Too much hope placed on Pettitte?

If this story happened a season ago and say Pettitte un-retired after he retired after the 2010 season, there would be less hesitation here. After all, Pettitte’s 2010 season was pretty darned good. But Pettitte hasn’t pitched for an entire season and is another year older. Can we really expect him to be effective? What are our expectations? Frankly, any expectations beyond being a league average pitcher is a stretch. If Pettitte is at least that, then we can be happy. The Yankees’ fifth starters have not been league average, so Pettitte would be an improvement. But, is even that expectation too high?

Pettitte’s peripherals in the minors this season seem to be the same old Andy. He is striking out 6.9 batters per nine innings. That is right around his 6.6 historical rate in the majors. He is walking 1.8 batters per nine, a little lower than his historical rate (though it has been higher in the starts at higher minor league levels). His WHIP in his minor league starts are nearly identical to his major league rate for his career. He has not given up a homer in any of his minor league starts this season. Most projection systems consulted before this piece suggest that Pettitte will be right around his normal peripherals when he returns to the big leagues. But is that realistic?

Frankly, I don’t know what to expect from Andy Pettitte. It all seems a crap shoot. But then again, predicting a 37 year old shortstop would be leading the majors in hitting in May would seem just as pie-in-the-sky. Great things could happen and Pettite could win ten games. It just seems a lot to ask of a guy who has missed baseball for a season and is forty years old. If he was a right-handed pitcher, I wouldn’t even consider any hope. But lefties last forever. I would settle for major league average. Again, that would be an improvement. But it also seems beyond the realm of reality and comprehension.

I guess we will just have to see because, before you know it, Andy Pettitte will be on the mound and pitching for the New York Yankees. That thought is just as scary as it is fun to consider.

About William Tasker

William Tasker grew up in Bergenfield, New Jersey but has lived in New England since 1975 and in the far reaches of northern Maine since 1990. Tasker is the author of nine (non-baseball related) books and, besides writing here for three years, has written for his own site at since 2003.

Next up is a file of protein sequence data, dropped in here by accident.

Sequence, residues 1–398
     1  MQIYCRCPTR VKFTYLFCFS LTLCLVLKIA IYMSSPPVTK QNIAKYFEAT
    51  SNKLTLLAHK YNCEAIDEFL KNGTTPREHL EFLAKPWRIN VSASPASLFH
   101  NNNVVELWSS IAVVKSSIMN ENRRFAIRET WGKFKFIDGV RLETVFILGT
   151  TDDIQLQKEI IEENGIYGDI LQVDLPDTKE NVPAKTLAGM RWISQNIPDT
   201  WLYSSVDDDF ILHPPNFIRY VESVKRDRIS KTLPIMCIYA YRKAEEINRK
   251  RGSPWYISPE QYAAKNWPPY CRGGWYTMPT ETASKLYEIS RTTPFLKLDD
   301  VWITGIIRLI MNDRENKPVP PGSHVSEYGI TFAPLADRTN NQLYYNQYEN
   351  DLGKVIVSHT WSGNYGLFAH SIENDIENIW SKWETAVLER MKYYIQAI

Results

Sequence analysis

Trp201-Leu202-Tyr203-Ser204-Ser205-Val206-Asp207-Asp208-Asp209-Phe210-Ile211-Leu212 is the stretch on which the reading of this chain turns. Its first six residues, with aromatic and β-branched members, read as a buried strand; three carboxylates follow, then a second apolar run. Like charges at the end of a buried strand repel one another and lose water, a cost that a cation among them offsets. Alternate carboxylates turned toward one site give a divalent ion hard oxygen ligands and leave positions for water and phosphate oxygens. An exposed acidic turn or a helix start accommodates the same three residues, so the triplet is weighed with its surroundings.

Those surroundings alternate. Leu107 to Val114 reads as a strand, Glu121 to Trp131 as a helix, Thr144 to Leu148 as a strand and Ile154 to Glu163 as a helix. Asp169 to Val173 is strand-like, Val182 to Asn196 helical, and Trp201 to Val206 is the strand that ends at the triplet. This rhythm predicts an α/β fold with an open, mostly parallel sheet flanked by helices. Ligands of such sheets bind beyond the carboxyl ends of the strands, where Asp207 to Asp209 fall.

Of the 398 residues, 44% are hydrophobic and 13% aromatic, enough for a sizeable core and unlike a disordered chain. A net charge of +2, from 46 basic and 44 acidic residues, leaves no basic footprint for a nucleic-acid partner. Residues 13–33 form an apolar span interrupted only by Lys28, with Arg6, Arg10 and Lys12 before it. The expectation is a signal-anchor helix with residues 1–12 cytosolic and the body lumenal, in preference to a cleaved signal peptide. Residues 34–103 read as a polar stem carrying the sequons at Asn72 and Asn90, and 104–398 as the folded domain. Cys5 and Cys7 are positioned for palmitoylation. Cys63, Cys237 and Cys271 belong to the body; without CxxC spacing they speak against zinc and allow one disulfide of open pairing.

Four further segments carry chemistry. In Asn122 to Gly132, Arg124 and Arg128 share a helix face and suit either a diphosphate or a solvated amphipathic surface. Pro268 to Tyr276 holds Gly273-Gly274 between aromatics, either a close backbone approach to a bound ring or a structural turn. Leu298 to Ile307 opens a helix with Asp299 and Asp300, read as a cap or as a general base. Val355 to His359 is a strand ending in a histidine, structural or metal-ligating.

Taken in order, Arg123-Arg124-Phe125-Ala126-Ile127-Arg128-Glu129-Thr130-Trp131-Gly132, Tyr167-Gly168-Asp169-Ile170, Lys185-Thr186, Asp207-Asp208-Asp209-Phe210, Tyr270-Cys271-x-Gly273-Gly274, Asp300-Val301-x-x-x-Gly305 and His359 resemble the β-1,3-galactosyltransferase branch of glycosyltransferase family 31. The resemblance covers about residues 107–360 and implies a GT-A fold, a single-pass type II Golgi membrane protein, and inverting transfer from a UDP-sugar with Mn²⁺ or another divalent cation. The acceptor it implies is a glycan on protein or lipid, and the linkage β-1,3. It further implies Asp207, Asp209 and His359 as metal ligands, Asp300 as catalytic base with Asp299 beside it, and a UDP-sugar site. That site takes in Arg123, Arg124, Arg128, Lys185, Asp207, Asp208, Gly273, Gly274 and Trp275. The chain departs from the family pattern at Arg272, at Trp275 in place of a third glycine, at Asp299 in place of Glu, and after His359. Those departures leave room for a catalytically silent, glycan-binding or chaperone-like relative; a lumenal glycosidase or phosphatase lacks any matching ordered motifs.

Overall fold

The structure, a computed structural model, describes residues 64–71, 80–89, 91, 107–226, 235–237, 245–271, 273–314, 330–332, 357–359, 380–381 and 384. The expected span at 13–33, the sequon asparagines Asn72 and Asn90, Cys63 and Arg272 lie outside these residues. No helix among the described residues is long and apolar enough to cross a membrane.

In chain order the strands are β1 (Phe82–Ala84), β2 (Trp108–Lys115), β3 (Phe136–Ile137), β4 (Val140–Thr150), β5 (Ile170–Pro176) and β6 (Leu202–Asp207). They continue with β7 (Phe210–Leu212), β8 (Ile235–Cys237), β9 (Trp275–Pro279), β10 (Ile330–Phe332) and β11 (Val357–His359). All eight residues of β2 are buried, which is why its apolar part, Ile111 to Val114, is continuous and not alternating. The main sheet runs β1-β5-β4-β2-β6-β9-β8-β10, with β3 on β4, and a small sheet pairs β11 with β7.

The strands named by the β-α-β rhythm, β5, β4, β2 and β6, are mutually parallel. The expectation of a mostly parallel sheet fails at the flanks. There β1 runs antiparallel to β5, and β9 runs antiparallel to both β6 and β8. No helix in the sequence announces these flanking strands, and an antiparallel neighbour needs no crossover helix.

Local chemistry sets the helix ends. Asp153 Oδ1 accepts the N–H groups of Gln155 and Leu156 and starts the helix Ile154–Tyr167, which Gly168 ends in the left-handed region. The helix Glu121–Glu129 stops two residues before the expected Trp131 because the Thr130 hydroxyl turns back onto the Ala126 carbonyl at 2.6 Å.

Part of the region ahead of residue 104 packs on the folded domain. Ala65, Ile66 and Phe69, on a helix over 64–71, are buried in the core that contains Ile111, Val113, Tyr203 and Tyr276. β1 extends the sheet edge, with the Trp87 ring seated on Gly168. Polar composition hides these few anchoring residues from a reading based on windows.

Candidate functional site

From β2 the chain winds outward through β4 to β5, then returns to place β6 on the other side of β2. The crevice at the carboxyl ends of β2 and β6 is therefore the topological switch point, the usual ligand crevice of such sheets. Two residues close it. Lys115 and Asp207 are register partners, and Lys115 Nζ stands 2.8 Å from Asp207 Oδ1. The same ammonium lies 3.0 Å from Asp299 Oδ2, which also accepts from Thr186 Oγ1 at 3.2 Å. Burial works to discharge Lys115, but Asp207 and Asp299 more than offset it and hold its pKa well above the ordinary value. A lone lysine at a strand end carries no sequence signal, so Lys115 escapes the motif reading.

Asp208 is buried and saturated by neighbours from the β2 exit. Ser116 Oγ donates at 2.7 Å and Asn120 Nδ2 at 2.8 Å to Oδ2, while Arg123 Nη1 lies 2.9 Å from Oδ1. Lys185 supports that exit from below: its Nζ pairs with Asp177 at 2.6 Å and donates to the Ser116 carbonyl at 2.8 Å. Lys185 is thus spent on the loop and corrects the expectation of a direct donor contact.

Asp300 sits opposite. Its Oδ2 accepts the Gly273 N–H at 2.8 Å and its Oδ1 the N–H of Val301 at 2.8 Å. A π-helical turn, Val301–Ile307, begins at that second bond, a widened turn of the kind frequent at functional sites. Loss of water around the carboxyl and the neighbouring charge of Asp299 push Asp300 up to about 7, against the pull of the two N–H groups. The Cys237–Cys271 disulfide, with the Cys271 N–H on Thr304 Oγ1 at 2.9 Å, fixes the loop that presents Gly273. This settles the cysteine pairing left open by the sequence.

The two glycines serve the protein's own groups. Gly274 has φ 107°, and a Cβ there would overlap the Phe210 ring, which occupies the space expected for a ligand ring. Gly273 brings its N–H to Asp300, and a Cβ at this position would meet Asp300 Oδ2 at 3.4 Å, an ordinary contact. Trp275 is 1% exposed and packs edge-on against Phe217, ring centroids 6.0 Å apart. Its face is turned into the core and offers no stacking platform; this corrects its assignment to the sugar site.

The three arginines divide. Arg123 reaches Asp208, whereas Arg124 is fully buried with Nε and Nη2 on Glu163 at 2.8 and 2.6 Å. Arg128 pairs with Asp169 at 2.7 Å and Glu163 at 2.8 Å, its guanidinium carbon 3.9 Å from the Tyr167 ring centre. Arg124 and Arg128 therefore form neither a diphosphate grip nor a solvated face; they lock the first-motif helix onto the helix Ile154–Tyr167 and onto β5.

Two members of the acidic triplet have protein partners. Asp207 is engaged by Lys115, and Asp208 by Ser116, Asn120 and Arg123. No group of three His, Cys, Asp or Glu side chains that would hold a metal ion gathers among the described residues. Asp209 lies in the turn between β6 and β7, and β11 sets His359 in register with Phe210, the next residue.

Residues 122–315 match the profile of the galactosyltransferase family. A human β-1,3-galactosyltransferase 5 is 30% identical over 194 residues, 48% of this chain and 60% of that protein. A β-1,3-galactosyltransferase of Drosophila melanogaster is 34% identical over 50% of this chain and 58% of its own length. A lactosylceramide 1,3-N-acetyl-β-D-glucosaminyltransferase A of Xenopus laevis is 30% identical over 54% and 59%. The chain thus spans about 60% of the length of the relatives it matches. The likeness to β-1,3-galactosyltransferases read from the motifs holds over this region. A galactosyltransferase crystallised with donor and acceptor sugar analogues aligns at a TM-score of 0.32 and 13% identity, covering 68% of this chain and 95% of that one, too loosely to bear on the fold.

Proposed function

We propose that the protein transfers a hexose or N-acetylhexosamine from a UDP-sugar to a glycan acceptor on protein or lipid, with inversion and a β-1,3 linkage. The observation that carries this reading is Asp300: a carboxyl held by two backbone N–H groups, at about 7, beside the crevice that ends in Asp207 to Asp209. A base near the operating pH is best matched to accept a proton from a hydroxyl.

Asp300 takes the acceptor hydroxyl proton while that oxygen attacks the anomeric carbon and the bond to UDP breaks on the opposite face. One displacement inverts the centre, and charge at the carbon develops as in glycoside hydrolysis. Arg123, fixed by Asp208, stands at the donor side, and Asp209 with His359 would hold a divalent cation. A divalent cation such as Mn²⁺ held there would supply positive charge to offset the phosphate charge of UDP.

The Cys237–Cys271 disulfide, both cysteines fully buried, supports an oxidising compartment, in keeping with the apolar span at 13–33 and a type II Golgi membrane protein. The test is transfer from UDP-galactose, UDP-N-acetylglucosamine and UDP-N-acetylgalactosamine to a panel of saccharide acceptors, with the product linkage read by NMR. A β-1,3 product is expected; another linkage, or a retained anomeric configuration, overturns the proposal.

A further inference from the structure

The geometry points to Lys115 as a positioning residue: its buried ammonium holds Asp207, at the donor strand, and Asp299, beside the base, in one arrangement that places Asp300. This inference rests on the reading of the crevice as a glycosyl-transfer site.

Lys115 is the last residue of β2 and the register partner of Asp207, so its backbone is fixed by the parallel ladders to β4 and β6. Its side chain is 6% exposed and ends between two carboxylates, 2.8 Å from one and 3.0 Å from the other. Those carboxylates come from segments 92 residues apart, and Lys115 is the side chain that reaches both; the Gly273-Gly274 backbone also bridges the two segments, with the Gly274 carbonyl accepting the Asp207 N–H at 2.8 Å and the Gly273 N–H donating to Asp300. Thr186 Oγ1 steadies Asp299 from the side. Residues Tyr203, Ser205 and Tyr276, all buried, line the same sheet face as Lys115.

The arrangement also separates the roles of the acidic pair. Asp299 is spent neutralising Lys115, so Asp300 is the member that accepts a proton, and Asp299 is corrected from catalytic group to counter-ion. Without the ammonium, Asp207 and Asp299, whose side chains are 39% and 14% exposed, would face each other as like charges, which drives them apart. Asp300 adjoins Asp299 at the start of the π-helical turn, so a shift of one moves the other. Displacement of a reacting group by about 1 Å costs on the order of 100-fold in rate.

6 thoughts on “Too much hope placed on Pettitte?

  1. Yes. There IS too much hope, and I AM a little scared.

    Andy 'should' be better than Freddy – that's not the highest bar in the world. But a lot of folks are talking as if they expect him to take Pineda's place, and maybe even fill the void at #2. If he does – great – but I liked his comeback a lot better when the team didn't NEED him.

  2. William wrote: "If he was a right-handed pitcher, I wouldn’t even consider any hope. But lefties last forever."

    Two questions on that:
    1) What are the average career lengths for starting pitchers based on whether they pitch right-handed or left-handed?
    2) If they are indeed different, any idea on what would cause that to be the case?

    • Great question, forged. The statement was rather a flippant one. But even a flippant statement reflects current thinking. Let me dig into that question and get back to you in future days.

  3. MY hope is that he can come in, give the Yankees some stability and be a serviceable number 5. Nothing more, nothing less.

    No, he won't solve our Hughes problem, but Hughes stepped it up yesterday (i'm not taking much stock into it however). Kuroda has suffered because of poor defense behind him. It seems every start he has, there is a first inning error that allows the other team to score (courtesy of Nunez usually).

    My point is that when the rotation starts to click a little more, people will expect a little less of him. All they need from him is to not let the game get out of hand, which he is capable of. The better those around him pitch, the less the expectations.

    • actually – Derek Jeter made the first inning error on Saturday; but really – Kuroda was so bad, it wouldn't have made any difference. He looked like Freddy – every ball he lofted to the plate got hit and hit hard.

  4. Between Garcia and Pettite, we sure are paying good money for our fifth starter this year.